Allen Ginsberg in the 1940s: The Making of a Poet in New York City

By Emile Anceau

 

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Allen Ginsberg — as photographed by William S. Burroughs — on the rooftop of his Lower East Side apartment, between Avenues B and C, in the Fall of 1953.

 

Allen Ginsberg lived fully through the second half of the 20th century. As America was then the dominant nation in the world, Ginsberg was at the very core of what was also the dominant scene – both cultural, and political. Throughout his life, he was involved in several political and social issues which divided America (his relationship with communism, his protest against Vietnam war and more generally for peace, his fight for homosexual recognition and legalization of marijuana… these are the main issues that public opinion remembers of the poet as an “activist” and which are all very tinted with the ideas of the movements appearing in the 1960s) and in this respect it could nearly be possible to write an American history through Ginsberg’s experiences and involvements as it seems that he was present on the scene of every major events of the second half of the 20th century in America. Even when he was still a young man in formation, Ginsberg was already at the very core of what moved America, since New York City in the 1940s was then undoubtedly “the place to be” for a twenty years old aspiring poet eager to discover the intellectual, poetical and musical scene of America, but also for a young man struggling with his sexuality.

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A Manhattan Intellectual’s Guide to the Art and Business of Simply Going Mad

By Michael Darer

neuropsych
from Neuropsychiatry in World War II, Office of Medical History, US Army Medical Department

 

Mental illness and the treatment surrounding it has always had a complicated place in American society. The spectre of madness–as some might have called it– has been around for centuries, going by numbers of informal names, and treated through numbers of untested methods. Despite periods of misunderstanding, fear, and disinterest, however, questions of sanity and mental health have long had a position in American culture.

In the mid-20th century, however, that position solidified.

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From the “necessary murder” to The New Yorker

Auden, as photographed in 1939 by Carl van Vechten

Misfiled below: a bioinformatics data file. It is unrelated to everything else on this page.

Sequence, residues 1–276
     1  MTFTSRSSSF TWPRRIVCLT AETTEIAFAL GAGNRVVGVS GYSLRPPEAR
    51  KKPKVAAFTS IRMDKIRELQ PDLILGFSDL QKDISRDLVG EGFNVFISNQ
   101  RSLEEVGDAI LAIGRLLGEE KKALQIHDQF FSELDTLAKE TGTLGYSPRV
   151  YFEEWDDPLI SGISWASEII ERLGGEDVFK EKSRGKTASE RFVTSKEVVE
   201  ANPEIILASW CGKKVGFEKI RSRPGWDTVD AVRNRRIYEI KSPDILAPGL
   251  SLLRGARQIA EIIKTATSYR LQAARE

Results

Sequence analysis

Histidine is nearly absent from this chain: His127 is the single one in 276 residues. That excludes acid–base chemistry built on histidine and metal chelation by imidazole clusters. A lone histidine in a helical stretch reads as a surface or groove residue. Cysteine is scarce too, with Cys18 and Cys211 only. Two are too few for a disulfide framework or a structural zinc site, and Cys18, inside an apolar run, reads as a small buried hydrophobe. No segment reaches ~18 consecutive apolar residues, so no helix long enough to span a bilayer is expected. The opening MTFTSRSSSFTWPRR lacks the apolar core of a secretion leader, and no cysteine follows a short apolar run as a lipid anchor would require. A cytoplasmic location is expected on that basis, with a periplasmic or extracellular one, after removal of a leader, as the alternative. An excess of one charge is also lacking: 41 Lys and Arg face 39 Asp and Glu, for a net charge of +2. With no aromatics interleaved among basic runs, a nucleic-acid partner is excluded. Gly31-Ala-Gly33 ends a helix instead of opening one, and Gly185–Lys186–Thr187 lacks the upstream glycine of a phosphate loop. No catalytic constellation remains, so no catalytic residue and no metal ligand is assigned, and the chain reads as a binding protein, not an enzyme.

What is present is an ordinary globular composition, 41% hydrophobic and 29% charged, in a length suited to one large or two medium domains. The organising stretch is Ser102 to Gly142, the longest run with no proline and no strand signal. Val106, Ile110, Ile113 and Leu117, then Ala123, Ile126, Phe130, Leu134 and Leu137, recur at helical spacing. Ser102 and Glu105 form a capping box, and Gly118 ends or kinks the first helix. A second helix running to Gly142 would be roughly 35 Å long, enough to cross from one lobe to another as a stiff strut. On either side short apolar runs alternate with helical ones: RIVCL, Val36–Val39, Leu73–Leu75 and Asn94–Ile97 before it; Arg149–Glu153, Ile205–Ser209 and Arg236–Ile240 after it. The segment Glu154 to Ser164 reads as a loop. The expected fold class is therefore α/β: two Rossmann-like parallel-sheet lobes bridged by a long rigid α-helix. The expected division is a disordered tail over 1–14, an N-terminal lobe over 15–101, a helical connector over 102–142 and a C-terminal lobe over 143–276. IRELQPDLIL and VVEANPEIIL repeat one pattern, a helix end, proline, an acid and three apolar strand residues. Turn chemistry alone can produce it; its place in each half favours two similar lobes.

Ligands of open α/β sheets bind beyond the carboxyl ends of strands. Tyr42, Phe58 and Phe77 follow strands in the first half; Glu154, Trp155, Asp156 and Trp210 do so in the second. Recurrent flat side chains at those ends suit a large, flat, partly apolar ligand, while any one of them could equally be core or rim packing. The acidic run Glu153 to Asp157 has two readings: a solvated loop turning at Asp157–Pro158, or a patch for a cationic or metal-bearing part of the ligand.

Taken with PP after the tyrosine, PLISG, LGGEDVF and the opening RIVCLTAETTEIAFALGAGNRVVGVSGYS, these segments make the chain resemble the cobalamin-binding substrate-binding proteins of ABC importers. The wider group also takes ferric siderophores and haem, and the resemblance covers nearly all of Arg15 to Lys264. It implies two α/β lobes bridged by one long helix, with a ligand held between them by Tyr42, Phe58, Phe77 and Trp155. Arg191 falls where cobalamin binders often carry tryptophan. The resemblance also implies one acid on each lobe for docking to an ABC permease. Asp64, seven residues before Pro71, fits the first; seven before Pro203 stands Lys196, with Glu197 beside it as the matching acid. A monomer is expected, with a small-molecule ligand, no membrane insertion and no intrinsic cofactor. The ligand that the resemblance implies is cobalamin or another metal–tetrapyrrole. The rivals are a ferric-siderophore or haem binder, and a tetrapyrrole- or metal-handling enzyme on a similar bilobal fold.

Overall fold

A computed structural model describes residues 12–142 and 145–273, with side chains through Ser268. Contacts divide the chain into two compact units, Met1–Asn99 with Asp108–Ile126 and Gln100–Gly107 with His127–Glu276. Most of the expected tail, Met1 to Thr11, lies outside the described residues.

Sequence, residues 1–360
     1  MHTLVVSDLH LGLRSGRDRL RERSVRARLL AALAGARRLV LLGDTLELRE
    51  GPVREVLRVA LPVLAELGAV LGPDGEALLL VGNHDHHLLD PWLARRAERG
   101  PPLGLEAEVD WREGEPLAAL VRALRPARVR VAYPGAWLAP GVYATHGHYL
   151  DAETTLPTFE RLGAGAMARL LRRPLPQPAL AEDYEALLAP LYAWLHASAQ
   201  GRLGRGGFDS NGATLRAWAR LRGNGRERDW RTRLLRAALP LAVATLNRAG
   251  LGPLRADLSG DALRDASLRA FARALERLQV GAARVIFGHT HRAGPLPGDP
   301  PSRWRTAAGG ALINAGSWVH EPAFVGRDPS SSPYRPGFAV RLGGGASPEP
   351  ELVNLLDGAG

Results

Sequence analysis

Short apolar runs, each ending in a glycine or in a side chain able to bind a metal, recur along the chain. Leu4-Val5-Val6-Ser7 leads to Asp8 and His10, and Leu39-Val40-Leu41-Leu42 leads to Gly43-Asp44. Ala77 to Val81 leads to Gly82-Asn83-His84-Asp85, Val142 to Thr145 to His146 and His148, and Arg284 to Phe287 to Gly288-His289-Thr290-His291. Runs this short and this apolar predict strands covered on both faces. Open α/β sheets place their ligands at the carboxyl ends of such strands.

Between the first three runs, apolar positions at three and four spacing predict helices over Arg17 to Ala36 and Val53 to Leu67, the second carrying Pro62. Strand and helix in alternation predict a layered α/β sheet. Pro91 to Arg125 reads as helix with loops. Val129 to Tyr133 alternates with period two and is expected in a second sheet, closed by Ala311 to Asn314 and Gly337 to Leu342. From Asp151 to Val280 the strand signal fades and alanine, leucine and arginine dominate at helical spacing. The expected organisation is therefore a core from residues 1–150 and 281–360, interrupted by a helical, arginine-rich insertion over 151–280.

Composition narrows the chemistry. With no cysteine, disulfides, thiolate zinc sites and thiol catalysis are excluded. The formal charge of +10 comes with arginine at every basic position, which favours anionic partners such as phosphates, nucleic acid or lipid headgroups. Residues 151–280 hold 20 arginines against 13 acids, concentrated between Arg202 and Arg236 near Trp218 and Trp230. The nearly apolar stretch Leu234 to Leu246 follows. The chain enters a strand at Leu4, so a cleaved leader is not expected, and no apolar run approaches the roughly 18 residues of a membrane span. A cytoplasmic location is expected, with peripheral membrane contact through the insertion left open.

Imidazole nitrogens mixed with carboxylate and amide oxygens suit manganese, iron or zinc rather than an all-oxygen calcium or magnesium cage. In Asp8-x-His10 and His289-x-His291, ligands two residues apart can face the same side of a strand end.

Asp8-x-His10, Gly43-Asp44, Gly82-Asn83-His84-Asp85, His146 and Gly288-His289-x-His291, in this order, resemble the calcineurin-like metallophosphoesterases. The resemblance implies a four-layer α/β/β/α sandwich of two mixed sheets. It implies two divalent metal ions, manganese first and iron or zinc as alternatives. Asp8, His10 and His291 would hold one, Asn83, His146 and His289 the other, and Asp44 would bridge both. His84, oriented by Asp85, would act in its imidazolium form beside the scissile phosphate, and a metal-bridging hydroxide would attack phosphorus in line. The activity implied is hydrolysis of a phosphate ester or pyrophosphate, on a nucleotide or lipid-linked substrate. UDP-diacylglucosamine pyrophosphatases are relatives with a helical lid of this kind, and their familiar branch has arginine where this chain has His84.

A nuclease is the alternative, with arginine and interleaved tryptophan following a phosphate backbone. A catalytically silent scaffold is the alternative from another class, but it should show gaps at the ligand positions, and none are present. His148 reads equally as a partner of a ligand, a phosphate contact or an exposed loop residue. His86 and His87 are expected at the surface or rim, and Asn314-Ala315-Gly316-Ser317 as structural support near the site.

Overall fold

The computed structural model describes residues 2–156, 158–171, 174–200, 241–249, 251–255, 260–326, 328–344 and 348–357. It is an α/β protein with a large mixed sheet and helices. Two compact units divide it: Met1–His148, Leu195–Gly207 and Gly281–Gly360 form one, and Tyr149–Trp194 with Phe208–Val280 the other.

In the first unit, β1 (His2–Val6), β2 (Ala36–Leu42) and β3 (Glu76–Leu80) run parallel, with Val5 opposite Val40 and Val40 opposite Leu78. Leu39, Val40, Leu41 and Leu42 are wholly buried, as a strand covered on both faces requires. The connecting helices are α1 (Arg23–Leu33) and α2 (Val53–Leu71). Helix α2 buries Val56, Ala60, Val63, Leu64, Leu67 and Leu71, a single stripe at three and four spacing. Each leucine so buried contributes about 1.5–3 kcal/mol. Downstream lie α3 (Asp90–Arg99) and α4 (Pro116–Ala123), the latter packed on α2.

W. H. Auden was one of the major literary personages in New York in the 1940s. He was highly influential on his contemporaries, but he was also representative in some ways of the intellectual and political journey that many of his contemporaries took over the course of the latter thirties and 1940s.

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A geography of its own

The publication of John Hersey’s Hiroshima was a significant event in the history of American journalism and also in the history of the magazine in which it first appeared–The New Yorker. Hersey’s chronicle was a sensation when it appeared, as the entire editorial contents of one issue. (For more information on this famous issue, see this older post.) In addition to marking the anniversary of the bombing of Hiroshima, the event signalled the new stature that The New Yorker had assumed over the course of WWII. The magazine had now become a defining voice of postwar, metropolitan liberalism.

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A New Deal in journalism . . . and its end

The other day in class we briefly discussed Weegee and his distinctive way of depicting New York city in the 1930s and ’40s. Walker Evans gives us a somber, underground world, and his portraits show us usually solitary, often introspective and frequently bedraggled looking New Yorkers. Weegee, by contrast, portrays a vivid and dramatic–or, perhaps, melodramatic–city.

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On a slightly different town

Paul Cadmus, The Fleets In -- produced under the New Deal Public Works of Art Program and rejected from the PWAP exhbition at the Corcoran Gallery in 1934

Rick has sent along some fascinating info about a key backstory for On the Town. Apparently, the Paul Cadmus painting above was the original inspiration for the Jerome Robbins ballet Fancy Free, which gave rise to the Bernstein-Comden-Green-Robbins Broadway production of On the Town, later to be adapted for the Hollywood Stanley Donen/Gene Kelley movie version.

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“I ran away to Greenwich Village . . . where the people I met had sprung from their own brows”

Anatole Broyard, likely in the 1950s--"I was alienated from alienation."

In our discussion the other night, we didn’t get the opportunity to talk much about Anatole Broyard’s memoir of living in Greenwich Village in the late 1940s. Before the moment’s left behind, I just wanted to draw your attention to one important element of his story that you might easily have missed.

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